"New sun, new air, new sky. A whole universe teeming with life. Why stand still when there's all that life out there?" -The Doctor
"Asking a linguist how many languages they speak is like asking a doctor how many diseases they have." -Unknown

Monday, November 15, 2010

How are you?: A Rant

Oh dear. Last post was in August. Oops.

At some point in the near future (promises, promises, right?) I shall actually post something of substance and--if we are all very lucky--interest on this here blog o' mine. For now, all you get is a rant. Sorry.

I have recently (re)discovered my pathological hatred of the phrase "How are you?" Now, I understand that this is not actually a request for information, any more than the British "Cold today, isn't it?" is a remark about the weather. It is a social lubricant, a ritualized and therefore safe and nonthreatening way to begin a conversation. This is fine so far; I don't have any trouble with this phrase when people who don't know me use it. They don't know me, so what else are they going to say?

What bothers me is when people ask me this who know me, know what's going on in my life, live in the same building with me, whatever, and still insist on asking the same damn question every time they see me. I can't help it; I'm a literal person. Language is not something you toss away at random. When someone speaks to me, I want to analyze, question, poke and test, see the way the facets of meaning and emotion reflect and refract truth. So, in an interpersonal context, I have to interpret "How are you?" as a genuine request for information, also because the I-don't-know-you-well-but-I-have-to-say-something stage is pretty long over.

The difficulty with "How are you?" is twofold. First, if you really know me, you should be able to ask about particulars: "How was your lesson today?" "Traveled anywhere recently?" "How's your German coming?" "What did you do at Bienenkunde?" Asking "How are you?" is a cop-out; it means you don't really want to know what my life is like; you just feel like you have to ask.

The other problem is that "How are you?" is, despite its highly ritualized common use, a very personal question. The ones listed in the above paragraph are safer; one can safely talk about one's travels, or language development, without delving into emotional details, if one so wishes. These questions say, "I'm interested in and paying attention to what's important in your life, but I'll let you decide how much emotional information you want to share." On the other hand, when "How are you?" is employed interpersonally and therefore interpreted as a request for information, it is, at least in my view, a somewhat intrusive inquiry about one's current mental and emotional state. The joke answer "F.I.N.E." (freaked out, insecure, neurotic, emotional) tells you that this question expects a personal answer. The problem is that I and, I assume, other people, don't always want to express their precise emotional state for various reasons: they may be feeling an emotion that would be awkward or difficult to share, they may be upset and trying to deal with it, they may not be feeling anything at all at the moment, they may simply wish to be left alone. "How are you?" expects an emotion-based answer, which the other person may not want to give. The way I see it, there are only two possible responses to this question: you can lie, or you can tell the truth.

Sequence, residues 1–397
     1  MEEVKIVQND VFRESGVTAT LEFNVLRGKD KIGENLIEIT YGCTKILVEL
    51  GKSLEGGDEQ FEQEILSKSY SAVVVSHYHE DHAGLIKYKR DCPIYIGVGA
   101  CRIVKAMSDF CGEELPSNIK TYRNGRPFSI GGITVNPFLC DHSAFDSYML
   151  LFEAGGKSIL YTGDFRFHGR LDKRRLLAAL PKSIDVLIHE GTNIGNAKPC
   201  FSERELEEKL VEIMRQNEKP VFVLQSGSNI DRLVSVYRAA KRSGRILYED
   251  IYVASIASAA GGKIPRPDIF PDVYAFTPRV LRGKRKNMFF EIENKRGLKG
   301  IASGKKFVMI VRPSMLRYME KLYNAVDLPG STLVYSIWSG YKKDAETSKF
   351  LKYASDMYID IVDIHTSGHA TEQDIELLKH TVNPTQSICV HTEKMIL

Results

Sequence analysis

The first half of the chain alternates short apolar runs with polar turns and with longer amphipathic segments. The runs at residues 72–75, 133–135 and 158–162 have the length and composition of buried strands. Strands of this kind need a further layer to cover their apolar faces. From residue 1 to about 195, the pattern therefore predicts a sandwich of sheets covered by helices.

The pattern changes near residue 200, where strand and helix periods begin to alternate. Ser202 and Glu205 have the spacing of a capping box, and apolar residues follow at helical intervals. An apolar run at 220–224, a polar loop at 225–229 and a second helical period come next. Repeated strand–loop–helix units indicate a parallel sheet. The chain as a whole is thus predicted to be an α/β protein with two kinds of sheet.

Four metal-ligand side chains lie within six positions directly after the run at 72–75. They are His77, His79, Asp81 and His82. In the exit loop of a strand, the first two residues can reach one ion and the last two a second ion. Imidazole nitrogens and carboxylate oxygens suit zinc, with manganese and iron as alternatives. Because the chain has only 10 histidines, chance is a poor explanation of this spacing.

"I'm fine, thanks," is always always always a lie. It's a preprogrammed response to a ritualized question. It doesn't mean anything. As I said, in anonymous situations, where the two interlocutors don't know each other personally and are, most likely, never going to, ritualized is fine; it makes it easier for everyone. In an interpersonal context, a pat answer like this does not mean I'm actually fine. It's code for "I have absolutely no desire to talk about it right now." It's even more irritating because I am then socially obligated to respond with a reciprocal question, and if I'm in a "Fine, thanks" kind of state of mind, I have no interest at all in how you are at the moment. But I have to ask anyway, which in my mind means I am requesting information, which means that I am communicating to you that I have an interest in knowing how you are, which is a trite, easy, and totally infuriating lie as well. When the conversation ends a short while later, I have not only not learned anything new about the other person, I have the added thorn in my conscience of having lied to someone to get rid of them.

The other option is to tell the truth, assuming that telling the truth is actually desirable at the moment (which, as mentioned above, it often isn't). In my case, telling the truth in a "how are you?" situation would look something like this. Did you read the whole thing? Did you read the first bit? Did you even click on it? If not, congratulations, you're like most of the planet; no one except my mother and possibly my close friends wants to hear this stuff, and most of them still go all glaze-eyed halfway through.